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“Finding My Happy” with an Ileostomy: Cindy’s 180 Medical Community Story

finding my happy with an ostomy - cindy's ileostomy journey

Everyone’s ostomy story is unique. Some may go through years of chronic pain due to inflammatory bowel disease (IBD) like Crohn’s disease or ulcerative colitis, while others sometimes face difficult diagnoses like colon cancer or bladder cancer. Cindy’s ileostomy journey is just as unique. For her, life threw an unexpected curveball with shocking news after an exploratory surgery and weeks of strange symptoms. It wasn’t an easy adjustment at first. However, today, after working to “find her happy,” Cindy gets to use her experience to help others facing similar challenges.

Cindy, one of our amazing Client Specialists here at 180 Medical, is truly an inspiration and a joy to know, and we are so proud to be able to share her story with you.

Cindy’s Ileostomy Journey: Waking Up to a New Ostomy

Cindy’s ileostomy journey began back in 2020 in the middle of the COVID-19 pandemic. Cindy wasn’t feeling well at all, but it wasn’t COVID. Her symptoms went on and on for weeks. She made several video appointments with her doctor and even took antibiotics, but she still wasn’t getting better.

Soon, her symptoms became so severe that she couldn’t keep anything in her system or even eat. It was time to head to the emergency room. At the hospital, the doctor recommended exploratory surgery to determine the cause since none of the scans showed anything amiss in her body.

After several weeks of recovery under sedation, Cindy finally got some answers as well as quite an unexpected shock. The surgeon came in and explained the cause of her illness. Her intestines were perforated and leaking, which can cause sepsis and very serious, deadly complications if not treated quickly.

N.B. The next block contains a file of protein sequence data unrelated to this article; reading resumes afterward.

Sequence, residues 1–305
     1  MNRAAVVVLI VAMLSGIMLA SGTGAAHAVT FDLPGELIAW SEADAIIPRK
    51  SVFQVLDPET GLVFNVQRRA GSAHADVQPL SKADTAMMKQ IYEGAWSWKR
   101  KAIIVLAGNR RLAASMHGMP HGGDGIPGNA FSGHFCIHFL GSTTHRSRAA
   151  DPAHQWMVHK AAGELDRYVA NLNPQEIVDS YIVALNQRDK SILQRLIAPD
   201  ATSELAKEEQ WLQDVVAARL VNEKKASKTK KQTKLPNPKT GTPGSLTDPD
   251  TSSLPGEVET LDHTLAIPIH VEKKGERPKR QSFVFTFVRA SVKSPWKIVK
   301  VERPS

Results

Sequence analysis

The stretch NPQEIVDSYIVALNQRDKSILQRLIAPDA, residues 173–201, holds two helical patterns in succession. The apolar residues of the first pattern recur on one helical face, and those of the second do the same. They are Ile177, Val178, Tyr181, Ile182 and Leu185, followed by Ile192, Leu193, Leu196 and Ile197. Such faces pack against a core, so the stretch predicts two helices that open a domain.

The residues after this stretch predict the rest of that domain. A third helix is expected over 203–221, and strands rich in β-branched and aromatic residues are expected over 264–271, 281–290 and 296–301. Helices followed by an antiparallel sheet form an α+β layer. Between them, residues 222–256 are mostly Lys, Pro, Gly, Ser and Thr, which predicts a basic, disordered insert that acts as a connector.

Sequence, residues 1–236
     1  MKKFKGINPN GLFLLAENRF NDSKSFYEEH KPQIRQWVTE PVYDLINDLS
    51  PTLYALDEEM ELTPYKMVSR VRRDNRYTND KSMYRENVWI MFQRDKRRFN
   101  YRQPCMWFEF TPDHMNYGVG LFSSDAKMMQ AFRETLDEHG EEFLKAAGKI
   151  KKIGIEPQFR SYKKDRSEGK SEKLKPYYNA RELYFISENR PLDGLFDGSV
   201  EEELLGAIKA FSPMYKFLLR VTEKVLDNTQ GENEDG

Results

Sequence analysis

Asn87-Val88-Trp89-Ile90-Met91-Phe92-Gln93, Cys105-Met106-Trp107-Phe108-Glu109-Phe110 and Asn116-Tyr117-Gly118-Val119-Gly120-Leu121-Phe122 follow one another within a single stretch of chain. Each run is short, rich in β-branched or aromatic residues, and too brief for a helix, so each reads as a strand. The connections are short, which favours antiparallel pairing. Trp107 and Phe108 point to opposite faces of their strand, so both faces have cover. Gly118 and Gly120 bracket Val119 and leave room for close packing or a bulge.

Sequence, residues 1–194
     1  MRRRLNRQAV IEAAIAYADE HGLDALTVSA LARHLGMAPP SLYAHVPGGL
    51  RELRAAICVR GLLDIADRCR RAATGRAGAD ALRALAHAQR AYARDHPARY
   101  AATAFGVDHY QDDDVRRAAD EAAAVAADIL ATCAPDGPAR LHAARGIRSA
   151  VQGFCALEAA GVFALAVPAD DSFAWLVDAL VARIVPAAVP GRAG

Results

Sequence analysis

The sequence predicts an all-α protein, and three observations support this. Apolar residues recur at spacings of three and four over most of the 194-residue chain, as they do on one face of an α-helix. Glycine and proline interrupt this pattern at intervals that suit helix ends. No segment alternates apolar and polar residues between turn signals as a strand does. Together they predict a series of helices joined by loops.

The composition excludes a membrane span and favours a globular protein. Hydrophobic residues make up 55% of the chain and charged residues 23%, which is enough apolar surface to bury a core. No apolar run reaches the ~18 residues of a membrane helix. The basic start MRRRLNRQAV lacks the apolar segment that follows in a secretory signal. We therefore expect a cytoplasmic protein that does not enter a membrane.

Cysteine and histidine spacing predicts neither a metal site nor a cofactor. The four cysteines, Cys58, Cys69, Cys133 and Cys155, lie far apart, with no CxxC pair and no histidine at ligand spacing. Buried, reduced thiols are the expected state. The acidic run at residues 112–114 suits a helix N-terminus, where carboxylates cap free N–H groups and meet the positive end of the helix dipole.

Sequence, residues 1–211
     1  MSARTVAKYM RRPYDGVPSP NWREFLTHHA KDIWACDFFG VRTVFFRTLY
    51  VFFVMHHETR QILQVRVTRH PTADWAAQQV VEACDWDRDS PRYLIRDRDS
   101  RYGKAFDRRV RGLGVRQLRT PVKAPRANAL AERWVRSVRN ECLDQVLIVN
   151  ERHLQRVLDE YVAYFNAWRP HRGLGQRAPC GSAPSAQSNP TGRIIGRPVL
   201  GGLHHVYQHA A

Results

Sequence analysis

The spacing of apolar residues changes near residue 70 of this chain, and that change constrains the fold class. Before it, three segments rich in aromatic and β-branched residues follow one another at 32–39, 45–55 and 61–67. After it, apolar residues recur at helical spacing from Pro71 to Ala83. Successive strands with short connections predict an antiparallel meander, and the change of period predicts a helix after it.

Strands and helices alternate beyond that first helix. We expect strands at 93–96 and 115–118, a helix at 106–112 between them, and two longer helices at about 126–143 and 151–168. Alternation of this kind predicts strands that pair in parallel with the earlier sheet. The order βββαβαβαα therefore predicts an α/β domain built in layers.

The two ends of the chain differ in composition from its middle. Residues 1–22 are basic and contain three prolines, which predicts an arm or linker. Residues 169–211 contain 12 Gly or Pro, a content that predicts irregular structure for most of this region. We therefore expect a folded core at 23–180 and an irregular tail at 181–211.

That’s when Cindy discovered her new reality. With a large portion of her colon removed, she was now living with an ileostomy.

Cindy’s Tips for Becoming an Ostomy Warrior

Cindy is the first to tell you that her adjustment to life with an ostomy wasn’t easy. She went through a lot of emotions and a real low point as she grew accustomed to having an ileostomy bag attached to her belly and worked to find the right products for her.

However, she has some helpful tips for other folks who may be new to life with an ostomy.

1. Make your stoma your best friend.

After her ostomy surgery, Cindy says she was in shock, speechless, scared, and feeling lost. Looking in the mirror wasn’t easy either. “All I saw were bags hanging from my belly and numerous large scars from the surgery. I couldn’t help but feel horrific.”

It took a gradual process of learning to accept her stoma and her body with an ostomy. “After some time passed, I started to look at my situation with gratitude and appreciation for my life. My stoma is what keeps me alive!”

She shares that early on, someone told her to get personal with her stoma. As it turned out, that was great advice. “After all, you’re going to have it for the rest of your life,” she says, “so make it your best friend.”

Many people with ostomies have named their stoma, including some members of the 180 Medical Community, like Debra. Cindy did that, too. “I even talk to my stoma, so she knows I’m grateful for her when I’m doing my pouch changes,” she shares. “I think when you get personal with your stoma, you can accept it.”

My stoma is what keeps me alive

2. Remember that the bad days won’t last forever.

Of course, Cindy had many bad days, especially at first. It is normal and natural to encounter some emotional and physical challenges as you adjust to this big change. But it doesn’t last forever.

“The first year I had my ileostomy, I was like, ‘I’m never going to get over this. I can’t do it.,'” says Cindy. “There were days I would tell my husband, ‘I don’t want to live this way.'”

However, after adjusting to life with an ostomy, she says, “Now I am so grateful and so thankful for every day that I can wake up and put my feet on the floor.” She advises, “Just take it one day at a time, and never give up.”

3. Get the ostomy supplies that feel and work best for you.